The night before our trip to Colombia, my daughter and I were sprawled on our beds in a hotel by the airport when the phone rang. It was my husband, calling from the emergency room.
He hadn’t been feeling well. (This was months before the pandemic.) That afternoon, the chest pains and shortness of breath suddenly got much worse, so he had driven himself to the hospital.
The doctor wanted to do some tests the next day. Jeff assured me he’d most likely be fine and told me not to cancel our trip, but simply put it off for a day just in case. I called the airline and changed our tickets, not worrying about the penalty change fee. It was a small price to pay for peace of mind.
The next morning, a heart surgeon performed an angiogram and found a major blockage in one of his coronary arteries. Fortunately, they were able to stent it, and he was going to be fine, but our trip was over.
I’d prepared, as I always did before international trips — checked online for a cheap flight, made sure my passport and vaccinations were up to date and bought travel insurance. This time, I was glad I had.
When I was in my 20s, although I backpacked for months at a time all over the world, I never bothered with travel insurance. I would rather use what money I had for airplane tickets, youth hostel accommodations and beer.
But then, I wasn’t the most responsible young adult: I also ignored my 401K and flossing my teeth.
Purchasing Travel Insurance
Then I read a terrifying story in the news about a tourist who needed to be airlifted to a hospital during a trip gone horribly wrong.
After that, I made sure to purchase travel insurance right after booking my trips. This way, if I ever took a tumble off a trail while hiking in Sumatra and needed to be airlifted to a hospital in Jakarta, I wouldn’t be hundreds of thousands of dollars in debt. Other reasons for buying a policy never occurred to me.
Until this trip, I had never canceled a vacation before and was unsure what to do next. Would we lose what we’d spent on airfare? We had saved and budgeted for this trip. I called the airline and was told to fill out a form online and submit a note from the hospital.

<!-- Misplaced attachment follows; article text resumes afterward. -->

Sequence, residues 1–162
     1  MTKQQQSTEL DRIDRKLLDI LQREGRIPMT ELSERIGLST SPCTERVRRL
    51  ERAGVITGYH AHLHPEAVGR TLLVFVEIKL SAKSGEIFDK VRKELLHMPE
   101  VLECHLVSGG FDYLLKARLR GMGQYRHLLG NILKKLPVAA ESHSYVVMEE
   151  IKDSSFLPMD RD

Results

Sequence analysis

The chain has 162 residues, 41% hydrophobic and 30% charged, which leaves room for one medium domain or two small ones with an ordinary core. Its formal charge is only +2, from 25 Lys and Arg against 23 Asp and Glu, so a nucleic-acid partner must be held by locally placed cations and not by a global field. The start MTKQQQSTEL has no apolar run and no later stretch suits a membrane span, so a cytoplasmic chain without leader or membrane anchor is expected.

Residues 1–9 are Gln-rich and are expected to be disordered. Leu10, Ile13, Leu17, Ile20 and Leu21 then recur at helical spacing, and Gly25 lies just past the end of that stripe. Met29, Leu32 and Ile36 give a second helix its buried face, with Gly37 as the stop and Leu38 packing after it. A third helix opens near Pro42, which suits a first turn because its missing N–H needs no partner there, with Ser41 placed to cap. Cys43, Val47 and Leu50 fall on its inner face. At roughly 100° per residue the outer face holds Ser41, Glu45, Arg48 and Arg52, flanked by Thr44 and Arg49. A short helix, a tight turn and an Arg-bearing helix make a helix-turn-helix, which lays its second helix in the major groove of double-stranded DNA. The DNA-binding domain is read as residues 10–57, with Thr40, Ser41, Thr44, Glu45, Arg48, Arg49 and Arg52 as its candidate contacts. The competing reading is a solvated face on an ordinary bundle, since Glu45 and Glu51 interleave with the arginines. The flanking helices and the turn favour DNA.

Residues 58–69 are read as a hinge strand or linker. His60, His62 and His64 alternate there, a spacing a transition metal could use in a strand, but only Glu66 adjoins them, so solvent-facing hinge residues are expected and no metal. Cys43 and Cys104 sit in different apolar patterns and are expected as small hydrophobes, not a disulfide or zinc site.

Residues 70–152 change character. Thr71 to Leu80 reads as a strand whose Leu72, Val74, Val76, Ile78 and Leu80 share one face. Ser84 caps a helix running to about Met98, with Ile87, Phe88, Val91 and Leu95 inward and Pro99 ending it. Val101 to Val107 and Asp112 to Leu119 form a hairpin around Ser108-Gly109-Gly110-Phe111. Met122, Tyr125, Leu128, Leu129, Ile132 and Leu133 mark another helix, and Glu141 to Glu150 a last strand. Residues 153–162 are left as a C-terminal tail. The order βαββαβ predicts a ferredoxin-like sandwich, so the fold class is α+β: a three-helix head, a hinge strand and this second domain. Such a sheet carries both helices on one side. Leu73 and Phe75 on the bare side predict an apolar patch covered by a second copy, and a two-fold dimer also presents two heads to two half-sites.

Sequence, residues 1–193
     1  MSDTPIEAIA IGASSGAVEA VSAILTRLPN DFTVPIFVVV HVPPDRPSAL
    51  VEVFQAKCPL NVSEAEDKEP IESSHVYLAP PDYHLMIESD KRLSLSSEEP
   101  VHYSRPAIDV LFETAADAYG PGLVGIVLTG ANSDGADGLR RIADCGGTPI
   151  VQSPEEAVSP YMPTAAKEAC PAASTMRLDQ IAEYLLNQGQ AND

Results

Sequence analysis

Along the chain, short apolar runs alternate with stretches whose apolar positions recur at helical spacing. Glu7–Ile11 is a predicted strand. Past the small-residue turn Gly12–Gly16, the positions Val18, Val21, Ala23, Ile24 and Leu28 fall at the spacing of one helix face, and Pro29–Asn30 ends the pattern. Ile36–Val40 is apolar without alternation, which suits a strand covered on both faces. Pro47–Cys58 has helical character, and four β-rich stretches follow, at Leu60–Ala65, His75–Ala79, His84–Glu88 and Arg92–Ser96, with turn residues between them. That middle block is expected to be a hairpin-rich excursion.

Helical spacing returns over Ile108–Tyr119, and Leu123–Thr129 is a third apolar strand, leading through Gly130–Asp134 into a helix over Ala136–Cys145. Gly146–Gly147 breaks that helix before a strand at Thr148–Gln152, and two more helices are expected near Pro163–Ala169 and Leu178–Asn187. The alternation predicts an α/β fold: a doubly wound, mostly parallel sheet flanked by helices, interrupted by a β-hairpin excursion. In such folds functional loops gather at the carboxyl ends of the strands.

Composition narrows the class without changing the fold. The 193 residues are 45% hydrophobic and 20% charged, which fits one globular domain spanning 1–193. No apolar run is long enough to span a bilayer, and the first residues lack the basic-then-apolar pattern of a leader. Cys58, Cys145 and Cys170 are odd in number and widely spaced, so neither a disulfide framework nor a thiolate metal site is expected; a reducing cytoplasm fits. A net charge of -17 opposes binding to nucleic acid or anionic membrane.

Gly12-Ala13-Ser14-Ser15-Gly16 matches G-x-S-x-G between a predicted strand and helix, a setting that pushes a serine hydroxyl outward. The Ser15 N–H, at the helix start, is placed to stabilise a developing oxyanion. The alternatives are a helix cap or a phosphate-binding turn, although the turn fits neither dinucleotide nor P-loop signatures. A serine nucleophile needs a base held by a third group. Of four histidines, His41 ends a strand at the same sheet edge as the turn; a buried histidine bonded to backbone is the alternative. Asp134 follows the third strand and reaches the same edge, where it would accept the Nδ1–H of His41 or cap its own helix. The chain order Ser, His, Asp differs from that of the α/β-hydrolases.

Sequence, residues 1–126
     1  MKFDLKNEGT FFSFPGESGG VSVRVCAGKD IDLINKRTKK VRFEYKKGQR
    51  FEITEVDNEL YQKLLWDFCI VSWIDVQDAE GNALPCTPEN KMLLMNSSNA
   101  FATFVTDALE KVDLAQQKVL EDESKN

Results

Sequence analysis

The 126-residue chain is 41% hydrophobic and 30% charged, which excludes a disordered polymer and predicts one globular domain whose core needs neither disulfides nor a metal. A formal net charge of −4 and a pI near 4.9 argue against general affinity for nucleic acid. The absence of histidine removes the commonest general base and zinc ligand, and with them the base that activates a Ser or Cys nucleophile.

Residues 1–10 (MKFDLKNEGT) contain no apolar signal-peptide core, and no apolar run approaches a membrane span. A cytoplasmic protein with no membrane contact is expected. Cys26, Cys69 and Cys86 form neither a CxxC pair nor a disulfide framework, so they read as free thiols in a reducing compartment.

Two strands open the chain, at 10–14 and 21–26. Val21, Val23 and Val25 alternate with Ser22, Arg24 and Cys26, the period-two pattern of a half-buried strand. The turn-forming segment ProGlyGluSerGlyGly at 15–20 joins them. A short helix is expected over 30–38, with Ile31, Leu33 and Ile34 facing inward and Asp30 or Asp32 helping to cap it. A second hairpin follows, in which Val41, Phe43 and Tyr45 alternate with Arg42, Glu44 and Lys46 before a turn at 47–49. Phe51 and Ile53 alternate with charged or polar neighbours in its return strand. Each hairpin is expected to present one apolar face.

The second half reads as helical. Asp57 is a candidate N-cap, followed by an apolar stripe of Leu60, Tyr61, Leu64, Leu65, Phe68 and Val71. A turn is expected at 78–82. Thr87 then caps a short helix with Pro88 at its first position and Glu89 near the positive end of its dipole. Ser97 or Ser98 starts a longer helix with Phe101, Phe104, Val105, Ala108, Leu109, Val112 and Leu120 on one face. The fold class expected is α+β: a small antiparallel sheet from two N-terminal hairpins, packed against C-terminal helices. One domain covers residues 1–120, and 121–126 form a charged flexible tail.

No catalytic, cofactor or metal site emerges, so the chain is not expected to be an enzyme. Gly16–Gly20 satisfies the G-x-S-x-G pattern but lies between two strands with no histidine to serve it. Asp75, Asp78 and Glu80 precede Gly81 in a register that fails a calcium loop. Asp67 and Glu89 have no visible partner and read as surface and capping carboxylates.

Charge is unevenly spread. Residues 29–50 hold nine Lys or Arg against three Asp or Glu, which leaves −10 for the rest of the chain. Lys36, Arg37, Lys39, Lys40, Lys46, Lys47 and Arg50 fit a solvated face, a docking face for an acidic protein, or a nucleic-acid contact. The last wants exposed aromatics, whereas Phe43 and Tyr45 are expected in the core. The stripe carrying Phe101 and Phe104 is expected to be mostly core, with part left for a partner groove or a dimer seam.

How Travel Insurance Works
Then I remembered our travel insurance. I opened the policy and read it, something I generally don’t do. Sure enough, our flight and change-of-flight fees were covered.
I called the insurance company and the helpful and empathetic representative told me I would most likely be reimbursed. He walked me through the documents I needed to upload to the company’s website.
I was glad I’d kept records of credit card receipts and e-mails from our e-itinerary from the airline, and I do so online so that even if I’m overseas and lose my phone or computer, I can access them.
The hospital gave me a note that I uploaded with the other required documents. Less than three weeks later, our claims were approved. Even better than the refunds — my husband was on his way to recovery.
What I learned from all this: It’s important to read the fine print to know what the policy covers. When I finally did this, I discovered I could have filed a claim years earlier when we took a family vacation to Bali and one of our backpacks temporarily took a slightly different trip.
The policy covered lost luggage, delayed luggage and many other travel-related annoyances, both large and small. For health claims, sometimes pre-existing conditions require a waiting period, like pre-ACA health insurance.
Now, with COVID-19, it’s even more important to have travel insurance — and to learn what the policy will and will not cover.
For example, according to New York State’s Coronavirus and Travel Insurance website, most standard travel insurance policies purchased today are unlikely to cover trip cancellation or trip interruption coverage related to COVID-19, but many are likely to cover trips that have to be canceled if a traveler contracts COVID-19 before traveling.
The policy for a week-long trip for my daughter and me cost $99. A policy’s cost depends on customer’s age, countries visited and length of trip.
There are a few websites that compare policy coverage and cost, like travelinsurance.com, insuremytrip and squaremouth. You may not end up using travel insurance on this trip or the next, but there may be a time when you do and, like me, you’ll be glad you have it.
Insurance may not stent an artery, but it will help relieve the heartache of a trip gone wrong. And, one of these days, when we’re finally able to travel again, we’ll make it to Colombia.
Author Bio: Sue Sanders’ essays have been published in the New York Times, The Washington Post, the Los Angeles Times, Real Simple, Vox, Islands and other publications.